5.  We re-emphasize that we do not hold that the court erred in narrowly interpreting the so-called admission of negligence, with respect to such matters as instructions, arguments and admission of evidence generally. The problem is that on the question of suppressing evidence of defendant's ‘loss' of his original records, the court assumed and—in the teeth of everything that was going on—continued to assume a broad interpretation.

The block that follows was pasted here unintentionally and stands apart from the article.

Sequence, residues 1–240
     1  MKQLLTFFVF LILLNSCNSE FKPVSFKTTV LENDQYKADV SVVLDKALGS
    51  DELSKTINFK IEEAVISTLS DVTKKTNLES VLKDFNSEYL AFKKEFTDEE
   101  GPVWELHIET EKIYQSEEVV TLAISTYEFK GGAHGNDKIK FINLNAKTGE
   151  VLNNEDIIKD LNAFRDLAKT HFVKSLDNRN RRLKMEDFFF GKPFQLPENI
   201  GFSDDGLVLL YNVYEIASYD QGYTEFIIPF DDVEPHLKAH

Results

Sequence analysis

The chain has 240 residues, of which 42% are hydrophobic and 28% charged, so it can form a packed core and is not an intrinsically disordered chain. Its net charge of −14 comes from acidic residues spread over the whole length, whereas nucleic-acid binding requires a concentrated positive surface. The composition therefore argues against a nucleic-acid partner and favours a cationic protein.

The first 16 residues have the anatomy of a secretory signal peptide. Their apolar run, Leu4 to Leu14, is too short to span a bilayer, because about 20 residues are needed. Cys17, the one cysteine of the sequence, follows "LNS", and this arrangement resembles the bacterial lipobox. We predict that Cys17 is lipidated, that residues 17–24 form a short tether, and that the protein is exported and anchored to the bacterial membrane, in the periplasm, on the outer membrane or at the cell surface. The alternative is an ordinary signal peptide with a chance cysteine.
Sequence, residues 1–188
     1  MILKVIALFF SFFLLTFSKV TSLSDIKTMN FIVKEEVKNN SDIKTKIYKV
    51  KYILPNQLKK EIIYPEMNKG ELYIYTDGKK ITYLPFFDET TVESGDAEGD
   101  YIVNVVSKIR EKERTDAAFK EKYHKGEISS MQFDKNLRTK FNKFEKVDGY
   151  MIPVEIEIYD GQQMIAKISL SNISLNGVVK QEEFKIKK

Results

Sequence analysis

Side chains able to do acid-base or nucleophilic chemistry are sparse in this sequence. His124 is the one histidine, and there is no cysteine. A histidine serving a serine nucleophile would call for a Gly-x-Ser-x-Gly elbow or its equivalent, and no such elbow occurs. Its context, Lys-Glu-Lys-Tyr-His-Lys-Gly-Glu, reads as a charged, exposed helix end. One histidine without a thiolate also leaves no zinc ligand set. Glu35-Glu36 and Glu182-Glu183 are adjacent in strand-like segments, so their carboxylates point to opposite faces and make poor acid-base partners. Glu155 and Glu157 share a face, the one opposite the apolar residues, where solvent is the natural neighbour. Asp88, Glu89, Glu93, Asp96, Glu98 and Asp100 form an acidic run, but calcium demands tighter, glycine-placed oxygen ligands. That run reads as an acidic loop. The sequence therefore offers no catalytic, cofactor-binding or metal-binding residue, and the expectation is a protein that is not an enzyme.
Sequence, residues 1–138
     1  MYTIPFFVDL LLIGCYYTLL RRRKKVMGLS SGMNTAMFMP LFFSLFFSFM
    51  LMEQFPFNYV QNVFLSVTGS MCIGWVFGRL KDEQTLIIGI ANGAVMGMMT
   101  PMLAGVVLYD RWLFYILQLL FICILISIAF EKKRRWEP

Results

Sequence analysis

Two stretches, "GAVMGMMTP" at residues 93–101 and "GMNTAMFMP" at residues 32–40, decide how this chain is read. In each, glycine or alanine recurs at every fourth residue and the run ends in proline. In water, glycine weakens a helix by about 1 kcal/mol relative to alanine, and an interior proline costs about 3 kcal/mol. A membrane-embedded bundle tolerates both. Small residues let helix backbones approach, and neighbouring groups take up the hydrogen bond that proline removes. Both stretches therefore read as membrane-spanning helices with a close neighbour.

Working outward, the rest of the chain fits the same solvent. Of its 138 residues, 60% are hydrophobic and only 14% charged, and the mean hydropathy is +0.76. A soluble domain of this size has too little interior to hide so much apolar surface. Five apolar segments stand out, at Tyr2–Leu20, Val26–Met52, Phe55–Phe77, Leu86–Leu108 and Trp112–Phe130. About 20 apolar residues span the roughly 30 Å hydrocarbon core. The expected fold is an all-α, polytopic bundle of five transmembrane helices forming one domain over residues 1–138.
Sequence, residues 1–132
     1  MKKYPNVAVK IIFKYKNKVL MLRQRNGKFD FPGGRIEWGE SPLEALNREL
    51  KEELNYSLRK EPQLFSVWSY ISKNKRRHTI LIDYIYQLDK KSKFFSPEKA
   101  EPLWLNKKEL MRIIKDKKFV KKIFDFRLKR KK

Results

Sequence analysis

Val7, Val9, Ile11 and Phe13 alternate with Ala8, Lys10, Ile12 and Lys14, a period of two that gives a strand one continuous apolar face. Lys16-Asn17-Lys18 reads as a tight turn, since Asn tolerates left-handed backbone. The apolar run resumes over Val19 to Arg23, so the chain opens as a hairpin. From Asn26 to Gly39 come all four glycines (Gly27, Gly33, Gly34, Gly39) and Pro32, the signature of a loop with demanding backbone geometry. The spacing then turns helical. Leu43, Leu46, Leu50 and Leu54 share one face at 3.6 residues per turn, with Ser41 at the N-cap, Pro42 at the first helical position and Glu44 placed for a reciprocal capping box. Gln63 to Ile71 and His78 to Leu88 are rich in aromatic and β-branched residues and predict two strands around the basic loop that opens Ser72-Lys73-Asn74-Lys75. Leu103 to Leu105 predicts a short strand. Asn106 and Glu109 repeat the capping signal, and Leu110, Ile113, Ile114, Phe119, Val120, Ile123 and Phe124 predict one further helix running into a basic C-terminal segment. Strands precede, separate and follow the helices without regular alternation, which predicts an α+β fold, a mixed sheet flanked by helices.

6.  ‘Now, it is true in this action we have stipulated to the issue of negligence in one respect. We have stipulated that at some point in time during Dr. Boska's care and treatment of Mrs. Thor, there was negligence in connection with a failure to recognize and diagnose that she had cancer in the breast. When that point in time was is a matter for your determination. We are not stating that Dr. Boska was negligent from the very first date that he saw Mrs. Thor back in 1963. We are not stating that he was negligent from the time that she first presented with a breast lump in August of 1965. Quite obviously, however, at some point in time while Mrs. Thor was under his care, she had breast cancer. At some point in time Dr. Boska failed to recognize the fact that she had breast cancer. This was probably an error in judgment, you know, as a professional person.‘. . ..ogn‘Now, first of all, there is probably only one thing that plaintiff's counsel and myself have substantial agreement upon insofar as our theories in the case are concerned. I am in agreement that the lump that was felt, that was palpated back in August of 1965, was in fact a benign nodule, a benign lump. I don't believe that what was felt back in August of 1965 was a malignant lump. . . .‘. . ..5,‘Quite obviously, a physician, if he wished to, could simply say every patient who presents to me with any kind of irregularity that I feel in the breast, I'm going to biopsy. But I submit to you, that would be very poor practice. I don't think you would have enough hospitals in the country to take care of all the women who would be having excess biopsies on their breast if each and every woman who presented with any kind of irregularity in their breast were subjected to biopsy procedure. There has got to be an element of judgment involved. And as I said before, nobody is gifted with infallible judgment. No physician is gifted with infallible judgment. On the basis of their training, their experience, their education, they try and exercise the best conceivable clinical judgment, and sometimes in retrospect that turns out to be wrong. But an error in judgment does not in and of itself constitute negligence, it does not constitute malpractice.‘. . ..exe‘Now, there are only two alternatives; either back in August of 1965 this was a benign lesion, In which event, I submit, my client didn't make an error in judgment. What he felt he thought to be benign, was in fact benign. And if indeed it was benign, no surgical intervention of any kind was warranted at that time. . . .‘I believe, among other things, you will recall Dr. Boska's testimony that at no time during the course of his care and treatment of this women did he suspicion that she had a malignant lump. At no time did the lump with which she presented have such indicia of malignancy to, in his judgment, warrant biopsy. But if you accept the plaintiff's very own theory in this case, that that started as a benign lesion, you have also got to accept the proposition that back in August of 1965 Dr. Boska made a correct determination insofar as his clinical observations and palpation of this lump was concerned. It was benign. And if it was benign, no surgical intervention of any kind was warranted. . . .‘But if, indeed, it was benign back in August, ‘65, and the doctor was correct in his clinical judgment, there is no negligence, there is no malpractice. He was absolutely correct in his clinical evaluation. . . .‘. . .. in‘I submit to you that Dr. Boska was not negligent bock in 1965, August of 1965. I submit that what he felt at that time was indeed a benign lump; that inasmuch as it was a benign lump, his clinical impression was correct. The standard of good medical care and good medical treatment would not have required any surgical intervention be performed at that time. . . .’‘. . ..and‘His Honor is going to tell you that an error in judgment does not constitute malpractice. Quite obviously, we have admitted the malpractice in connection with some of the events which occurred on and after December of 1966. I don't think that in any way affected the ultimate prognosis, and I don't think it can be said, based upon reasonable medical probability, that it affected the ultimate prognosis in this case. Thank you.’ (Emphasis added.)